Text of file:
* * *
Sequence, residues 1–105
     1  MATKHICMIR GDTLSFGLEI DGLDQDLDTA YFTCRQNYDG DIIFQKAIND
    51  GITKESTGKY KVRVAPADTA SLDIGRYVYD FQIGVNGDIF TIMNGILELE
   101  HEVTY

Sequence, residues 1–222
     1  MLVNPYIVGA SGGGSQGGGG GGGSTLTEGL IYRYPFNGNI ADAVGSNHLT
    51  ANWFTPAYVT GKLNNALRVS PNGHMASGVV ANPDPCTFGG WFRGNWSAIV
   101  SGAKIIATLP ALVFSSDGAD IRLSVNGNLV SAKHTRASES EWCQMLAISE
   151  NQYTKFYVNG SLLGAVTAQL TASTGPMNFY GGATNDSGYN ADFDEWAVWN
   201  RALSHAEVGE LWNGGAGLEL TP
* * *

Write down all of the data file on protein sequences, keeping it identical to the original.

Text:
Sequence, residues 1–105
     1  MATKHICMIR GDTLSFGLEI DGLDQDLDTA YFTCRQNYDG DIIFQKAIND
    51  GITKESTGKY KVRVAPADTA SLDIGRYVYD FQIGVNGDIF TIMNGILELE
   101  HEVTY

Sequence, residues 1–222
     1  MLVNPYIVGA SGGGSQGGGG GGGSTLTEGL IYRYPFNGNI ADAVGSNHLT
    51  ANWFTPAYVT GKLNNALRVS PNGHMASGVV ANPDPCTFGG WFRGNWSAIV
   101  SGAKIIATLP ALVFSSDGAD IRLSVNGNLV SAKHTRASES EWCQMLAISE
   151  NQYTKFYVNG SLLGAVTAQL TASTGPMNFY GGATNDSGYN ADFDEWAVWN
   201  RALSHAEVGE LWNGGAGLEL TP